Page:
- With service to , we can grow internationally and offer you even more destinations
- We’d have a connecting flight from Charlotte to for more choices for the southeast U.S.
- We’re the only major U.S. airline without service to
- Today, there are no nonstop flights between and
Clearly, these reasons primarily benefit USAirways. They offer no other tangible incentives for me to support them. I’m sure there are rules prohibiting that sort of thing anyway.
This is the first time that USAirways has ever asked me to help them. Perhaps, if they had been engaging me as a customer, asking for my input on ways to provide better service, this request wouldn’t seem so self-serving, but they haven’t and it does. Perhaps USAirways should have taken the time to target this request to people who might find it valuable; perhaps people who have flown USAirways to other international destinations.
Email marketing is cheap, so companies might have a tendency to simply blast a message out to every address in their files. I don’t remember the last time I flew USAir and I have never used them for international travel, so why did they think I would be interested in helping them get the China service? Instead, my opinion of them went down just a little because they want my help without offering anything of value to me in return.
Did you get the e-mail? What do you think about this case?
I began writing this blog a little over a year ago as an outlet for my passion for subjects like customer experience and innovation. Like a parrot, I found people who spoke about these things and I attempted to do what they do, although typically without the same level of authority. Through this experience, I have made friends with many of those people who I look up to and have had the opportunity to engage in some very rich, thoughtful and entertaining conversations, which after all, is the main reason for getting involved with social media, is it not. I see myself as a student and many of them, my teachers.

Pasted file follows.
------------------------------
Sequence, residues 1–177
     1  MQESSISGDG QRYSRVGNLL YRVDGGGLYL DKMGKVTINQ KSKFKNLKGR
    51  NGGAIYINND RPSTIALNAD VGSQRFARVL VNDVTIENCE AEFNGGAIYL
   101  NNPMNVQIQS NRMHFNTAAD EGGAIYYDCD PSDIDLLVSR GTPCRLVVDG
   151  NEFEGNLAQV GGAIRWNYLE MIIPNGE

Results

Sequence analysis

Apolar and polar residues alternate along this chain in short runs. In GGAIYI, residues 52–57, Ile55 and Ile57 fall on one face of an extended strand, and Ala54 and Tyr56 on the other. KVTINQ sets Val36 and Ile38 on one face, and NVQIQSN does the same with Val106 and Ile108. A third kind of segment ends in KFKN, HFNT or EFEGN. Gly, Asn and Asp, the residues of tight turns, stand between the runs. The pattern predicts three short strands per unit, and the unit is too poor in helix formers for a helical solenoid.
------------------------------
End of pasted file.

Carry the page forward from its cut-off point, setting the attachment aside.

This past weekend, I was honored to be given The Thinking Blogger Award by one of my favorite teachers, Becky Carroll. Becky is a Customer Experience passionista with some serious credibility. She also pens a fantastic blog on CX called Customers Rock. It’s at the top of my blogroll and should be on yours as well.
Back in February, 2007, Ilker Yoldas started the ball rolling by highlighting blogs that he felt were truly “meaty” with great content. He started the Thinking Blogs Award to help publicize great blogs. In keeping with the rules of the meme, I will now share five of my favorites with you. Following the path back from Becky, I see that many of my favorites have already received the award, so I’m going to attempt to throw some new content into the mix.
Dominic Basulto – Endless Innovation: Dominic’s aptly named blog covers innovation on all fronts. He brings stories of great innovation to the conversation and consistently challenges readers to think about approaching innovation as an evolutionary process.
Michael Urlocker – On Disruption: Disruptive shifts within industries are frequently followed by a changing of the guard in terms of industry leaders. Businesses that aren’t sensing and responding to disruptions that impact them will invariably find themselves struggling. Michael’s blog is one of the best sources out there for analysis of the disruptions that are occurring right now.
Greg Verdino – Greg Verdino’s Marketing Blog: Greg has his finger on the pulse of new media channels and is a great source of information about their evolution. He always shares his perspective and opinion on a story and consistently challenges readers do the same.